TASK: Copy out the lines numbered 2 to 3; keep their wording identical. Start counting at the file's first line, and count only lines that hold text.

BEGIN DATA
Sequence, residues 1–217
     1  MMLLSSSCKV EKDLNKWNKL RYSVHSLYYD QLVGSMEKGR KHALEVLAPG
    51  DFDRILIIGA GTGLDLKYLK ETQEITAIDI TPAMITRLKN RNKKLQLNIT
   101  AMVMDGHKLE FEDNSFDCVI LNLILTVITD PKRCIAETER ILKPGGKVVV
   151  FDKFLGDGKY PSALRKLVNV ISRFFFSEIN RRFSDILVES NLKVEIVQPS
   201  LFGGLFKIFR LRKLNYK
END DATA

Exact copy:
     1  MMLLSSSCKV EKDLNKWNKL RYSVHSLYYD QLVGSMEKGR KHALEVLAPG
    51  DFDRILIIGA GTGLDLKYLK ETQEITAIDI TPAMITRLKN RNKKLQLNIT